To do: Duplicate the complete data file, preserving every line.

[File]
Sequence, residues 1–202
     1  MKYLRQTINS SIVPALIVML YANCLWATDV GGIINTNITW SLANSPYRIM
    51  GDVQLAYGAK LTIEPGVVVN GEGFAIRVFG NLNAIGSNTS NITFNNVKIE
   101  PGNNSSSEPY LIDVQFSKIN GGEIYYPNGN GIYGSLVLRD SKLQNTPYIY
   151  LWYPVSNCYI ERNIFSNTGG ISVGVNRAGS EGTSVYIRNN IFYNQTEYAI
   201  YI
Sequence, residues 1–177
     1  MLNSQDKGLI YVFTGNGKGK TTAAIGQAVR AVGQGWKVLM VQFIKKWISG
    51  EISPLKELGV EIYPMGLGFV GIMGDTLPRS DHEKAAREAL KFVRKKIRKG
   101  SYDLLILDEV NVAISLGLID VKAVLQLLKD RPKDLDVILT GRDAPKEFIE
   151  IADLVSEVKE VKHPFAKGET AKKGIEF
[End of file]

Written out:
Sequence, residues 1–202
     1  MKYLRQTINS SIVPALIVML YANCLWATDV GGIINTNITW SLANSPYRIM
    51  GDVQLAYGAK LTIEPGVVVN GEGFAIRVFG NLNAIGSNTS NITFNNVKIE
   101  PGNNSSSEPY LIDVQFSKIN GGEIYYPNGN GIYGSLVLRD SKLQNTPYIY
   151  LWYPVSNCYI ERNIFSNTGG ISVGVNRAGS EGTSVYIRNN IFYNQTEYAI
   201  YI
Sequence, residues 1–177
     1  MLNSQDKGLI YVFTGNGKGK TTAAIGQAVR AVGQGWKVLM VQFIKKWISG
    51  EISPLKELGV EIYPMGLGFV GIMGDTLPRS DHEKAAREAL KFVRKKIRKG
   101  SYDLLILDEV NVAISLGLID VKAVLQLLKD RPKDLDVILT GRDAPKEFIE
   151  IADLVSEVKE VKHPFAKGET AKKGIEF